Rory McIlroy

The USPGA victor by a record eight shots, the first player to win four PGA tour events in a year since Tiger Woods, the European and US money list winner, part of the victorious European Ryder Cup team, the undeniable world No.1 and among the most talented golfers of his generation; if 2011 represented McIlroy's breakthrough, then 2012 was the confirmation of the Northern Irishman's brilliance.

Rory McIlroy

Andy Murray

In the summer, Murray became the first Brit since 1938 to reach the Wimbledon men's singles final, losing to Roger Federer. Three weeks later, he returned to the All-England Club to defeat the Swiss in the Olympic men's gold medal match, Britain's first since 1908, and then claimed mixed doubles silver alongside Laura Robson. To top it off, Murray defeated world No.1 Novak Djokovic in the US Open final to win his maiden grand slam, becoming the first man to win the Olympic gold-US Open double and first British grand slam men's singles champion for 76 years.

Ian Poulter

Top ten finishes in The Augusta Masters, The Open Championship and the USPGA Championship was simply the tip of iceberg for Poulter in 2012. While he became only the second European to win two WGC titles, following his victory in Shanghai, his crowning performance came in the Ryder Cup. In winning four points from as many matches, he inspired Europe from 10-6 down going into Sunday's singles, to one of the greatest sporting comebacks in Medinah.

Ellie Simmonds

Two gold medals, two world records; Simmonds was the queen of the pool at the Paralympic Games. Her rivalry with Victoria Alen saw her hold the upper hand as she also claimed a silver and bronze medal to cap a remarkable summer for the 18 year old. Very much the face of British swimming, Simmonds has already won the Young Paralympian of the Year award.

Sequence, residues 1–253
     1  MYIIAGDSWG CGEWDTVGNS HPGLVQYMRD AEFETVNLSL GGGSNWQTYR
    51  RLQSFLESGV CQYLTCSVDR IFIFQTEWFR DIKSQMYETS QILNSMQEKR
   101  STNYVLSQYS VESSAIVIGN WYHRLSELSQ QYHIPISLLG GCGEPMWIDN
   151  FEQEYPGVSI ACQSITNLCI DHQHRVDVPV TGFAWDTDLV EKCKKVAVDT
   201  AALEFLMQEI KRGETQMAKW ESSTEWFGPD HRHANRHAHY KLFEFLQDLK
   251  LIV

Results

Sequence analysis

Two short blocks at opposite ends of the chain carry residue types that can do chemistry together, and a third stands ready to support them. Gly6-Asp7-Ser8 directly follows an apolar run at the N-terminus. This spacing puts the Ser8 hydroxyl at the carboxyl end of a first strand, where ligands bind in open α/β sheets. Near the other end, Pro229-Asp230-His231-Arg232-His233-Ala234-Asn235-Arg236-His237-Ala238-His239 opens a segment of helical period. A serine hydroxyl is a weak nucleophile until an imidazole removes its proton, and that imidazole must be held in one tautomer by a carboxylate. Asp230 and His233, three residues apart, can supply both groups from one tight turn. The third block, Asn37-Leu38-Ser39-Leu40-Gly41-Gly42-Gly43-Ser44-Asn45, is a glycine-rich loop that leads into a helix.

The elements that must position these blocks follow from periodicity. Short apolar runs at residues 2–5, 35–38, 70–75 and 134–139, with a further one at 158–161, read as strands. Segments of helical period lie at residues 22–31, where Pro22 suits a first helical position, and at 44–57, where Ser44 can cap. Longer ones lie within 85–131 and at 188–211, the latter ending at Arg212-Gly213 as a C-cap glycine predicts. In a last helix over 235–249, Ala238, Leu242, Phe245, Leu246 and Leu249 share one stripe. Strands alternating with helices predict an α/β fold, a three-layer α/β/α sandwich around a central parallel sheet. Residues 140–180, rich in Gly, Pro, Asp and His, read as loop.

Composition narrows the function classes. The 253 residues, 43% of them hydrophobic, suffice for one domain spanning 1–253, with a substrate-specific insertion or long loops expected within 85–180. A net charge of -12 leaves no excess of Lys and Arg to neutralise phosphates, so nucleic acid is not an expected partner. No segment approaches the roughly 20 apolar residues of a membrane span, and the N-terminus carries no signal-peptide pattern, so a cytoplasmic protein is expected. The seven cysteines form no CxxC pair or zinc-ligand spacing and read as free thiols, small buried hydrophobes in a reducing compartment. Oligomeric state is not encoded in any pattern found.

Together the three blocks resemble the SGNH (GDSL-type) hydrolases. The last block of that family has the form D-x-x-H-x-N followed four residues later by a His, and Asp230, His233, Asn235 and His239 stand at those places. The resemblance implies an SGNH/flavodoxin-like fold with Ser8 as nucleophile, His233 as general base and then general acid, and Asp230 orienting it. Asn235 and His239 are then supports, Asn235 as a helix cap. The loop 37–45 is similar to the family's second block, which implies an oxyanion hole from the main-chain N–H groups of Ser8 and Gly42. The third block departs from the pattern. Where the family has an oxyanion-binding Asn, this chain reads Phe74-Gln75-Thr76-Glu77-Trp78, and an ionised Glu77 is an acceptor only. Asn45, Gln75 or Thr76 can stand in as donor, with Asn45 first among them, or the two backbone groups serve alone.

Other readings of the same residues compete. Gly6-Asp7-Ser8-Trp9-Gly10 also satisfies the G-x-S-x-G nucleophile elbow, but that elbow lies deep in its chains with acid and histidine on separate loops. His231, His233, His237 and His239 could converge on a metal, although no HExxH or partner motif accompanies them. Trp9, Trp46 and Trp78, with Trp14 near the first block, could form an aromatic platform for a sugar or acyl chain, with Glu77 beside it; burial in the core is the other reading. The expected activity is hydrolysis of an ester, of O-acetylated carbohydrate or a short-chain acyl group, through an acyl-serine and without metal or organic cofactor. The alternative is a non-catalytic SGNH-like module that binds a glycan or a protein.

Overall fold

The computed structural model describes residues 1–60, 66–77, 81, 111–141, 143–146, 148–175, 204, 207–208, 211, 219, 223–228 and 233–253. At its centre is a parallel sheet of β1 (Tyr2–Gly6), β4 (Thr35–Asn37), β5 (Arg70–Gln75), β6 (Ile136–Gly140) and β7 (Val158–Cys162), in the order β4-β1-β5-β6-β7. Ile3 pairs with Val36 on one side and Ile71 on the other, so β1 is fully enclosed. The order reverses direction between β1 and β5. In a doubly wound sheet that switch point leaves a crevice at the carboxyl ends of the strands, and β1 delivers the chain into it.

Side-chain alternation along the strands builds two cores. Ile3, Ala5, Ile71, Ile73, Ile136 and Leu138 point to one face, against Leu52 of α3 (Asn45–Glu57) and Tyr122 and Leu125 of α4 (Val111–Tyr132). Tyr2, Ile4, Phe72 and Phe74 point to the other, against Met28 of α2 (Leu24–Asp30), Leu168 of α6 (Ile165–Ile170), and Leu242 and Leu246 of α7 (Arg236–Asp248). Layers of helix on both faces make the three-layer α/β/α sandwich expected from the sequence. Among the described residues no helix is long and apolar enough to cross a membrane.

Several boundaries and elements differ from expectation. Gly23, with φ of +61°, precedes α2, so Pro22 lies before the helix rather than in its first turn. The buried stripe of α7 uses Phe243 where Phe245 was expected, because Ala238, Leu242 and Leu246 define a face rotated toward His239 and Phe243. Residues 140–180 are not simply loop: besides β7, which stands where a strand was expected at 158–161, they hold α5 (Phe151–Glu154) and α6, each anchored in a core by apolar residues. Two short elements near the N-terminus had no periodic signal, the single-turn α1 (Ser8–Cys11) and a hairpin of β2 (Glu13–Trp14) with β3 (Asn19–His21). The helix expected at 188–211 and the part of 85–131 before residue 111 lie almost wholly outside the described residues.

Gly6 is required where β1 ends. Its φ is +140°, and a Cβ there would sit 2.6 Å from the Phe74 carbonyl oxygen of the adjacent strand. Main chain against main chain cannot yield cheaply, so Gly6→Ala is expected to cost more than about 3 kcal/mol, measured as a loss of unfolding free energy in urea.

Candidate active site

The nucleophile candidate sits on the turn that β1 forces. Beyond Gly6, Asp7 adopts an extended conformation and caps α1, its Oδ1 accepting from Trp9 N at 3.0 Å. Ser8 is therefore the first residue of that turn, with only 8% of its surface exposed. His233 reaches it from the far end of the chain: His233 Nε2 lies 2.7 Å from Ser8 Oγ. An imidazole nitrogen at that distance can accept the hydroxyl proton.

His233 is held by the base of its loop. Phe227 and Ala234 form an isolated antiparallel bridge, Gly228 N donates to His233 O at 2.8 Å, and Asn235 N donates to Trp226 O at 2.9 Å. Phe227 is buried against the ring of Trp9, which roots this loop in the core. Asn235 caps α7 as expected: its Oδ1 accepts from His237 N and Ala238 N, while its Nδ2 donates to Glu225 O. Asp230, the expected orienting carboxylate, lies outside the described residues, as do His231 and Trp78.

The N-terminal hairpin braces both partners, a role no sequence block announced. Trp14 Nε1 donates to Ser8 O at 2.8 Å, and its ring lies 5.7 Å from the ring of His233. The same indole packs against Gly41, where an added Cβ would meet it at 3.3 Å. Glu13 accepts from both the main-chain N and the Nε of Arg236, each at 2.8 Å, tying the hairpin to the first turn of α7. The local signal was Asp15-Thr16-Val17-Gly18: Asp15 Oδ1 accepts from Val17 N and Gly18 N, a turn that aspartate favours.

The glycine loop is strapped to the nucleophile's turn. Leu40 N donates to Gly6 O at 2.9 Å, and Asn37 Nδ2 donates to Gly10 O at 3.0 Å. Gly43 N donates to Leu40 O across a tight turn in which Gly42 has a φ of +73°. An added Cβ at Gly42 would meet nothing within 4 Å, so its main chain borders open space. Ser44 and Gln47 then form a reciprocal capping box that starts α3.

Sarah Storey

Dropped from the able-bodied pursuit team at the turn of the year, Storey showed the Olympic squad what they were missing with an amazing performance during the Paralympic Games. Four cycling gold medals followed, adding to the two won in Beijing to give her 11 golds won across two different sports. Just the 22 Paralympic medals to her name, London 2012 was the pinnacle of her illustrious career.

David Weir

David Weir

Weir enjoyed a golden summer in London. Winner of the London marathon prior to the Paralympic Games, the 33 year old claimed four gold medals come London 2012. After a dominating victory in the 5000m final, Weir defended both his title from Beijing in the 1500m and 800m, before powering to another Marathon victory in the English capital to secure his sixth career Paralympic gold.

Bradley Wiggins

The first British winner of the Tour de France in its' 99 year history, Wiggins then added time trial Olympic gold, becoming the first rider ever to complete the double, at the London 2012 Olympics. Having failed to finish outside the podium places on the circuit in the lead-up to the Tour, Wiggins is the undeniable king on the bike. Already campaigning for safer conditions for cyclists on the road, his success is likely to have far reaching implications.